The Supreme Court has upheld Michigan’s citizen-enacted ban on affirmative action, establishing the right of states to ban racial discrimination in university admissions.
Michigan’s ban, the Michigan Civil Rights Initiative, was approved by a majority of voters in 2006. It prevented public institutions from considering race in hiring and admissions decisions. The vote came as a blow to administrators at the University of Michigan, who had won the right to maintain limited affirmative action programs in the Gratz v. Bollinger and Grutter v. Bollinger Supreme Court decisions a few years previously.
A liberal activist group, the Coalition to Defend Affirmative Action By Any Means Necessary (BAMN), filed suit against MCRI, alleging that a constitutional amendment banning racial discrimination actually violated the rights of minorities as guaranteed by the Equal Protection Clause of the U.S. Constitution’s Fourteenth Amendment. Their argument was, in a sense, that the act of prohibiting racial discrimination was itself racially discriminatory.
The Sixth Circuit Court of Appeals sided with BAMN. (RELATED: Activists to UMich: Admit unqualified students, if they are black)
The Supreme Court, however, overturned the Sixth Circuit’s opinion in a 6-2 decision issued Tuesday morning. The case is Schuette v. Coalition to Defend Affirmative Action.
Writing for the majority, Associate Justice Anthony Kennedy ruled that states were well within their rights to restrict racial considerations in admissions decisions.
In a concurring opinion, Associate Justice Antonin Scalia explained that it would be impossible for a law prohibiting racial discrimination to violate Constitutional guarantees of racial equality.
“Does the Equal Protection Clause of the Fourteenth Amendment prohibit what its text clearly requires?” asked Scalia in his opinion. “Needless to say (except that this case obliges us to say it), the question answers itself.” (RELATED: Pro-affirmative action side mocked by conservative AND liberal Supremes)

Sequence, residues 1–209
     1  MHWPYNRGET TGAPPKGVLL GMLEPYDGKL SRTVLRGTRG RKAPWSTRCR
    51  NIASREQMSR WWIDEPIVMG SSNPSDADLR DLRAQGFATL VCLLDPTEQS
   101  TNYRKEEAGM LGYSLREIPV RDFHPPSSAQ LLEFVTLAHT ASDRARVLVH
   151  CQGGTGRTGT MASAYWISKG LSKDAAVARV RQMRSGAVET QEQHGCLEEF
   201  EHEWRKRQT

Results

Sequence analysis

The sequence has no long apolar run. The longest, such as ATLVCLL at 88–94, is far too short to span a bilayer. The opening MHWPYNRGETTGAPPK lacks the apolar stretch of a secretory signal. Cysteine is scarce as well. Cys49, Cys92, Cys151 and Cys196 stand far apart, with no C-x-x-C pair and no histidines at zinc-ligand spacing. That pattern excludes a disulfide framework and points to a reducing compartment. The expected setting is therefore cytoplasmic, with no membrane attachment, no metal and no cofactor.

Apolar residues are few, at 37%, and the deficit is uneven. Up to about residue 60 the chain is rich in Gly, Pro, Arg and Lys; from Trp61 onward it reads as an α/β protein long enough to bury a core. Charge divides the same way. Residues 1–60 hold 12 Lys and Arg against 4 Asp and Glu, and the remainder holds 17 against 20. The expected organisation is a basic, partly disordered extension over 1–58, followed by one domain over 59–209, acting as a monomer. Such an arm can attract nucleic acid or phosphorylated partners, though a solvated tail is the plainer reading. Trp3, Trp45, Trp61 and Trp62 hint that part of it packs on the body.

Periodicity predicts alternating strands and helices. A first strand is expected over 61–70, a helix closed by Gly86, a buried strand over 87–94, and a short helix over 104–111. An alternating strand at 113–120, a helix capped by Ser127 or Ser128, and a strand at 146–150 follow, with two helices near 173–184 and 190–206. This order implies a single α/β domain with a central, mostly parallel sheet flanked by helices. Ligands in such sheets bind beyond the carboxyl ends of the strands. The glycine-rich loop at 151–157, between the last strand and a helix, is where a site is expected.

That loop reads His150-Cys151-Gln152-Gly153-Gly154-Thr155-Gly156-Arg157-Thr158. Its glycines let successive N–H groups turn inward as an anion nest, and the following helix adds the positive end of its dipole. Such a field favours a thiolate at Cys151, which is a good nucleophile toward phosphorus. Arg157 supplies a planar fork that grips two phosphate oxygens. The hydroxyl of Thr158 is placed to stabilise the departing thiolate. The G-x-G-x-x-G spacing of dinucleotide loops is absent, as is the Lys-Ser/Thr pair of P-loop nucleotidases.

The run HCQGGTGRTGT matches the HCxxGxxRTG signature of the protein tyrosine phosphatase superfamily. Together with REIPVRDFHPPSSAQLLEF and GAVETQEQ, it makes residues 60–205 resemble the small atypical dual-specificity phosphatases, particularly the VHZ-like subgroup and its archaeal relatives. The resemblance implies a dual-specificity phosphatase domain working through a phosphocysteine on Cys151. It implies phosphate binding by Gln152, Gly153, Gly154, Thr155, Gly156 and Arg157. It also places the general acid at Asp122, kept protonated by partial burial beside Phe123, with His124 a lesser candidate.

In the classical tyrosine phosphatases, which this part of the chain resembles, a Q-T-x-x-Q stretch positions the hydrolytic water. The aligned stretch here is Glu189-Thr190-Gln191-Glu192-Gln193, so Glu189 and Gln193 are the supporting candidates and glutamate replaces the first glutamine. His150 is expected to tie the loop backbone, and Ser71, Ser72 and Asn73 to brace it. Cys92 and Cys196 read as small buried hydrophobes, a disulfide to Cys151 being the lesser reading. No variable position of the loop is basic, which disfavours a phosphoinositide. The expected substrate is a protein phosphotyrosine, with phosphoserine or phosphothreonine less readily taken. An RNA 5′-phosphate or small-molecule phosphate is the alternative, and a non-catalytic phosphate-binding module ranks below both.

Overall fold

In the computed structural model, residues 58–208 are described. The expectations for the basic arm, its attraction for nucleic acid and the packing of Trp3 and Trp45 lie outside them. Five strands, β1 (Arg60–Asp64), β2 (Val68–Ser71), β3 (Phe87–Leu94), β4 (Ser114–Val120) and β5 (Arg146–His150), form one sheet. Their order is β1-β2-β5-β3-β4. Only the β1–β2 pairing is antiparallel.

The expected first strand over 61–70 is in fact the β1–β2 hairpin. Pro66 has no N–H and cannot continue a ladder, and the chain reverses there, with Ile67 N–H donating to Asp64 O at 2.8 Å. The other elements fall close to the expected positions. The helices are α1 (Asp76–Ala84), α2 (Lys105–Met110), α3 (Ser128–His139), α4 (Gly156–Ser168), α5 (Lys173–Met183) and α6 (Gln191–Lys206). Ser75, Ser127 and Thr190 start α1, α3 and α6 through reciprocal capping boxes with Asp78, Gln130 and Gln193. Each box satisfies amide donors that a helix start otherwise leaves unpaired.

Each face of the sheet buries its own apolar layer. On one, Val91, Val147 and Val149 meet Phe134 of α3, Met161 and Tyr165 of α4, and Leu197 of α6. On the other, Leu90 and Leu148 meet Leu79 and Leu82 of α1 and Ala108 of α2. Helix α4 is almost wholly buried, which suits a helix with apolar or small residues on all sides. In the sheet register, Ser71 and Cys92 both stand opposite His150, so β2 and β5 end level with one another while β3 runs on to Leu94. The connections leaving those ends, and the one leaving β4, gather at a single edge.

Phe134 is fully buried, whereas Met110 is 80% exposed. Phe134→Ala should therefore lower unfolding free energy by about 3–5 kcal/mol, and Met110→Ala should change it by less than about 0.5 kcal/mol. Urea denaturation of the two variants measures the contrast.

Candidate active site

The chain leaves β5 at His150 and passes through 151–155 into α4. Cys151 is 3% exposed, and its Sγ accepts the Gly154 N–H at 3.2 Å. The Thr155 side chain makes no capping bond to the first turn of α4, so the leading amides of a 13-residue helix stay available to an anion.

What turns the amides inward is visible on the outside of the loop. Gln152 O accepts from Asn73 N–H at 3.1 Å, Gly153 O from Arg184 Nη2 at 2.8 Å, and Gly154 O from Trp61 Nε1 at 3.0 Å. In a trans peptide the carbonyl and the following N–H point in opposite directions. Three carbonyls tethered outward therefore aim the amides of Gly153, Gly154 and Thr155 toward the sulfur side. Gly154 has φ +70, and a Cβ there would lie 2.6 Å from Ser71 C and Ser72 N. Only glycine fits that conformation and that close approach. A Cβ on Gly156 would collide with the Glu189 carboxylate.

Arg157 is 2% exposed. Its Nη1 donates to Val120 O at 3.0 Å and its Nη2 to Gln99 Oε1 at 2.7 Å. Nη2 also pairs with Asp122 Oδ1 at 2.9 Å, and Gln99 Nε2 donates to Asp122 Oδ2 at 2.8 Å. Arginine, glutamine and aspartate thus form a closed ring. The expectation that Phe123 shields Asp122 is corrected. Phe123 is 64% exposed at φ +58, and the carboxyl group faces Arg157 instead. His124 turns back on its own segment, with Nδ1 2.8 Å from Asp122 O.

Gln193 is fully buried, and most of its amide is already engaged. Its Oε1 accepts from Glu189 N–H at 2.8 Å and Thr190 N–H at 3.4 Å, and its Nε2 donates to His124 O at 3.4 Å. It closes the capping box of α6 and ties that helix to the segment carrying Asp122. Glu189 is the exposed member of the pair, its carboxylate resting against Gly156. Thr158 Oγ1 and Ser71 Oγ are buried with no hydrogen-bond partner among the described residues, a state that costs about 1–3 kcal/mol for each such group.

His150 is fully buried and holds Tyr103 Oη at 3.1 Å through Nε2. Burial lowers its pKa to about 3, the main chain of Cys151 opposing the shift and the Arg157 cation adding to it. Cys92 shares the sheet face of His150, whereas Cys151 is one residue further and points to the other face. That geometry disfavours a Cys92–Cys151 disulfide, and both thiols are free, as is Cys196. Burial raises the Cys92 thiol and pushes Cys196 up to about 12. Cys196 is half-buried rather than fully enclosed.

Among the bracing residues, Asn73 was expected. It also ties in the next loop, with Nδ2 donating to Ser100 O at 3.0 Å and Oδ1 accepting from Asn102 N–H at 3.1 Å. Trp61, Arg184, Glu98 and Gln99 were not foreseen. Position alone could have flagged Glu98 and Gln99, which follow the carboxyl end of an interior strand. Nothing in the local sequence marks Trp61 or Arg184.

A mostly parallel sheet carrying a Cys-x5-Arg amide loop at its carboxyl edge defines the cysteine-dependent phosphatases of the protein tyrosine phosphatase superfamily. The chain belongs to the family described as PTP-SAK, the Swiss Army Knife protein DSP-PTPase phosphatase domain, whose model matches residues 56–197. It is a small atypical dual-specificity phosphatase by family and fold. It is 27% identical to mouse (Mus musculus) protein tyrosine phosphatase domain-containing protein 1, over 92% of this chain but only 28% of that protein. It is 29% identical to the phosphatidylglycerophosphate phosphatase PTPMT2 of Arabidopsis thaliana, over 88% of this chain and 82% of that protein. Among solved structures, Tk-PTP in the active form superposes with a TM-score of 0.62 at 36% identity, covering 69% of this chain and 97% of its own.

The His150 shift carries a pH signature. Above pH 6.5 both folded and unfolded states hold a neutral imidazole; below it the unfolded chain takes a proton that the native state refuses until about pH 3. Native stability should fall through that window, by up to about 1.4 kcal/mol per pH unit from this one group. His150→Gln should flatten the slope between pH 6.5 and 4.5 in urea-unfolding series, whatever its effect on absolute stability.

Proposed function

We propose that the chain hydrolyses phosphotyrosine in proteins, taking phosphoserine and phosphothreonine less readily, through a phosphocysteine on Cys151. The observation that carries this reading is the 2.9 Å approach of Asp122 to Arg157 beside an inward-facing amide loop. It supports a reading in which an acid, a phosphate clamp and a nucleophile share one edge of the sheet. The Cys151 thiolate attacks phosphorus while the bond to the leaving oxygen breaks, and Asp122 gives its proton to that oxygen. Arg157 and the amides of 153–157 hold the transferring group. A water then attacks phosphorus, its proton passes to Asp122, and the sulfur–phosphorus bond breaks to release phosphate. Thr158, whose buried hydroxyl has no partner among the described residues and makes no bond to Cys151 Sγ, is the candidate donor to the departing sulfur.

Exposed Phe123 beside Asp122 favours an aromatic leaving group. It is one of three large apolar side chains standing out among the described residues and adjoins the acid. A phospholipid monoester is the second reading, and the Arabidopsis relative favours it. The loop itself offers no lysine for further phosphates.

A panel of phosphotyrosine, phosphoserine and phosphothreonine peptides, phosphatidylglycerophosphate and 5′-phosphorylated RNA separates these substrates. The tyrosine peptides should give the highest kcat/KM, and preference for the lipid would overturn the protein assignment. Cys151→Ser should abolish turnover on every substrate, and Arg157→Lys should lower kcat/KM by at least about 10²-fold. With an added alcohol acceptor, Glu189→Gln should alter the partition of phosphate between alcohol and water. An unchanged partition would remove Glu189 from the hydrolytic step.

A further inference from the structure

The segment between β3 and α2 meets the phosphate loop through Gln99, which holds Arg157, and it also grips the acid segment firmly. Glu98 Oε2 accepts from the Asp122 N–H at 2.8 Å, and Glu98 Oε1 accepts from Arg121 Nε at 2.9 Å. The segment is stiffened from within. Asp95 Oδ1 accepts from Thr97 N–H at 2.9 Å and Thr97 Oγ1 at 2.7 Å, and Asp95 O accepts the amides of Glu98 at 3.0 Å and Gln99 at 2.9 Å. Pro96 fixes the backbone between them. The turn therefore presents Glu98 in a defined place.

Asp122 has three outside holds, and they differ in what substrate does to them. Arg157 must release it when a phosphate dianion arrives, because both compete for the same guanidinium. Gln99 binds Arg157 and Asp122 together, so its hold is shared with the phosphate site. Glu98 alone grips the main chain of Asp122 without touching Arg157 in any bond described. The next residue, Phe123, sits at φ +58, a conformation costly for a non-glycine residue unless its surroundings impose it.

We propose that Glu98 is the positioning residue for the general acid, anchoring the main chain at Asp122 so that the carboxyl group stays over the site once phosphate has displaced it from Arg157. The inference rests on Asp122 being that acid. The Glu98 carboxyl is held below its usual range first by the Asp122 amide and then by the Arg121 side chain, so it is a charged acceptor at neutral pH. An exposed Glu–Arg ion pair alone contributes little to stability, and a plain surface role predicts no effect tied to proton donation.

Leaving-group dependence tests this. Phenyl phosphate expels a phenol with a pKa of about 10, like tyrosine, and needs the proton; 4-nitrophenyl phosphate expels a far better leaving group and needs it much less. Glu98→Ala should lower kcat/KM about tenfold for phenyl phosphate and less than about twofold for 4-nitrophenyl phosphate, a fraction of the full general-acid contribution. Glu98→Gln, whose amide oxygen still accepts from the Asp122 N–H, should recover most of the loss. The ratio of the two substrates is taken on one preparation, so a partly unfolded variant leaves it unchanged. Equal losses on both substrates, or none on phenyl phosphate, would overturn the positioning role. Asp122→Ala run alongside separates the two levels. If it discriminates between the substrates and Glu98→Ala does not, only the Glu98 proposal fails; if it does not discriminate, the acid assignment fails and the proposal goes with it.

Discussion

Associate Justice Stephen Breyer, who usually sides with the Court’s liberal wing, joined Associate Justices Kennedy, Scalia, Clarence Thomas, Samuel Alito and Chief Justice John Roberts in the majority. Associate Justices Sandra Sotomayor and Ruth Bader Ginsberg dissented. Justice Elena Kagan recused herself from the case.
The decision does not impact the status of affirmative action practices at universities around the country. It does, however, protect the right of states to ban those practices. Several states, including California and Arizona, have enacted similar prohibitions on race-based advantages in public hiring and admissions.
National Education Associate President Dennis Van Roekel assailed the decision as an attack on minority rights.
“Today’s decision turns back our nation’s commitment to racial equality and equal treatment under the law by sanctioning separate and unequal political processes that put undue burdens on students,” he told The Daily Caller in a statement. “The Supreme Court has made it harder to advocate and, ultimately, achieve equal educational opportunity.”
Anti-affirmative action activist Jennifer Gratz, whose cases have now won at the Supreme Court twice in 11 years, applauded the ruling.
Much progress has been made in challenging discriminatory policies based on race preferences and moving toward colorblind government,” she said in a statement. “States are moving in the right direction when they do away with policies that treat people differently based on race, gender, ethnicity or skin color.”